— Oxford Classics (@OWC_Oxford) December 10, 2017
Category : Race/Race Relations
(Local Paper Front Page) Southerners split on the economy, Confederate monuments and Donald Trump, new poll finds
While Southern whites and blacks agree all races should be treated equally and political correctness threatens their personal liberty, they are divided over views on economic opportunity, Confederate monuments and President Donald Trump, a new poll shows.
A survey of residents in 11 Southern states — released Wednesday by Winthrop University — collected views more than two months after hundreds of white supremacists and counter-protesters clashed violently in Charlotttesville, Va., over the removal of a statue of Confederate Gen. Robert E. Lee from a public park.
Trump was criticized for blaming “both sides” at the rally, which was punctuated by a criminal charge against an alleged neo-Nazi for driving through a group of counter-protesters, killing one.
Within 20 years, Hope was the largest church in Memphis, regularly drawing 7,000 worshipers each weekend. But in a city that was nearly 60 percent black, less than 1 percent of them were African American.
At first, Hope reflected its neighborhood. The city to Hope’s south—Germantown—was 93 percent white in 2000, and 90 percent white in 2010. But its county—Shelby—fell from 47 percent white in 2000 to 41 percent white in 2010. And Cordova, the small suburb where Hope sits, dropped from nearly all white in 1988 to 68 percent white in 2010.
So Strickland and Morris set out to do what had never successfully been done before—to convert a white megachurch into a multiracial congregation.
They’re doing it.
Today, one out of five people who attends Hope is black. Of the 106 staff, 18 are nonwhite—including the senior pastor. The congregation sings hymns, contemporary Christian, and black gospel. Members work in predominantly black, underresourced neighborhoods in north Memphis together through Hope’s community development corporation. They attend biannual three-day urban plunges and regularly spend eight weeks eating dinner with someone of another ethnicity.
— Kendall Harmon (@KendallHarmon6) November 3, 2017
Remembering one Year Ago Today–(NYT) A Somber Charleston, South Carolina, Reflects on Race as 2 Murder Trials Begin
CHARLESTON, S.C. Seventy-four days separated the fatal bursts of gunfire: the eight rounds a white police officer fired at Walter L. Scott, a black man in North Charleston, and then the shots that killed nine black churchgoers at the Emanuel African Methodist Episcopal Church here.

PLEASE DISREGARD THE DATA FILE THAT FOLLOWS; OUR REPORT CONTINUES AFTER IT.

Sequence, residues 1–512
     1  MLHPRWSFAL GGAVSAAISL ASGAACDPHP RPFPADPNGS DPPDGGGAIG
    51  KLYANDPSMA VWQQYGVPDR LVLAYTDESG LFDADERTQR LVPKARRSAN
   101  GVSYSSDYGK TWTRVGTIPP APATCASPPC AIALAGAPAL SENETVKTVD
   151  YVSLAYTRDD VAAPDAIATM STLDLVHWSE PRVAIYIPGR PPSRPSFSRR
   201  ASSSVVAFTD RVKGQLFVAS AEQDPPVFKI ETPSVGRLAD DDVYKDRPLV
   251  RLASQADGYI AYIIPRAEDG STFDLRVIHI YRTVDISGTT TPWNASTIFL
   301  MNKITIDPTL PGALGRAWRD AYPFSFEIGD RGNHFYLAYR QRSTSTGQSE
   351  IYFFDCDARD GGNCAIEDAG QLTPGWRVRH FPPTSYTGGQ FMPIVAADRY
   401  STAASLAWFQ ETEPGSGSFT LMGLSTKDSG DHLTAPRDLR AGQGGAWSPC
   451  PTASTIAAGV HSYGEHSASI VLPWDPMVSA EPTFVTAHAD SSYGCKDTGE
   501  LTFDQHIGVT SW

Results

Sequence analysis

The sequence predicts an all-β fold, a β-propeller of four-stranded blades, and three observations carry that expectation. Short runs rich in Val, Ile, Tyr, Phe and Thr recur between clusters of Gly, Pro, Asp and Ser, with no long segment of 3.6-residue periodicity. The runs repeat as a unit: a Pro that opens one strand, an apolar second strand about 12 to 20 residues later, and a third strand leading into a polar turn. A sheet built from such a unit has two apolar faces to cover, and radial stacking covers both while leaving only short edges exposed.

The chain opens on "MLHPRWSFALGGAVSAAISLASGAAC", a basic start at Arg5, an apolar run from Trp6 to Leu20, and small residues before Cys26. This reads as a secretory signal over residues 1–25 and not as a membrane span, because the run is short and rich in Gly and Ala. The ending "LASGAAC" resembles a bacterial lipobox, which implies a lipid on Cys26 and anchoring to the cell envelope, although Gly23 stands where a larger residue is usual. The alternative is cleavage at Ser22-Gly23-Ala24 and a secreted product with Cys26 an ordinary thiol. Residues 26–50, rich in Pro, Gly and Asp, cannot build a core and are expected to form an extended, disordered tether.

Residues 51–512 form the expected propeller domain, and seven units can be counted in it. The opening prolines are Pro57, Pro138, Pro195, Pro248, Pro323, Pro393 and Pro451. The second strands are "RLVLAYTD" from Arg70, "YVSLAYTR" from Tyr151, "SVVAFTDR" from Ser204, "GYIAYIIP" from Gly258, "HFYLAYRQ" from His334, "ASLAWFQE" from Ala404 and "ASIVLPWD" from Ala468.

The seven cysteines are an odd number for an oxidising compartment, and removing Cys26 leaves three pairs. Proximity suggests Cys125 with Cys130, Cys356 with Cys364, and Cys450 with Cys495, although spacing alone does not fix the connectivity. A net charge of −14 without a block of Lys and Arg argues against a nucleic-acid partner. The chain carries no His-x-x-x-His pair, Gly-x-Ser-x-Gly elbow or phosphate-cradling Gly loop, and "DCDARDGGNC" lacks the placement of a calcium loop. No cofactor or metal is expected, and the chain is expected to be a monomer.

And now, seven days will separate the trials of the officer, Michael T. Slager, and of Dylann S. Roof, the white supremacist accused of carrying out the church killings.
Jury selection in the state trial of Mr. Slager, who was fired after the shooting, will begin on Monday; one week later, the same process is scheduled to begin in the federal case of Mr. Roof. Prosecutors, who are seeking the death penalty for Mr. Roof, rebuffed his offer to plead guilty.
The proceedings, unusual in a country where, for different reasons, few police officers or mass killers stand trial, will draw renewed attention to, and more reflection within, the Charleston area, where many residents still struggle with killings that rattled the nation.
Throughout the nineteen-forties, most American cemeteries were subject to the same racially restrictive covenants as housing, and were just as resistant to integration, even after courts deemed this practice a violation of the Fourteenth Amendment. Black graves were more likely to be unmarked, their occupants buried in the old ways, a traditional “homegoing.” In the fifties, consumer conformity drove the conventions of burial; the rising cost of dying outpaced the rising cost of living. Black funeral directors sold the same wares. “Negro undertakers gross more than $120 million for 150,000 funerals each year,” Ebony reported in 1953, in an article titled “Death Is Big Business.” “If a person drives a Cadillac, why should he have a Pontiac funeral?” one funeral director asked Jessica Mitford, as she reported in “The American Way of Death,” in 1963. What sounded like a hoax worthy of Barnum had become by then the way a great many Americans buried their dead—on satin sheets in stainless-steel caskets, with hymns piped in their crypts through high-fidelity stereo, beneath vast, manicured lawns. “The desirable crypts are now in the new air-conditioned section,” another funeral director told Mitford when she updated the book.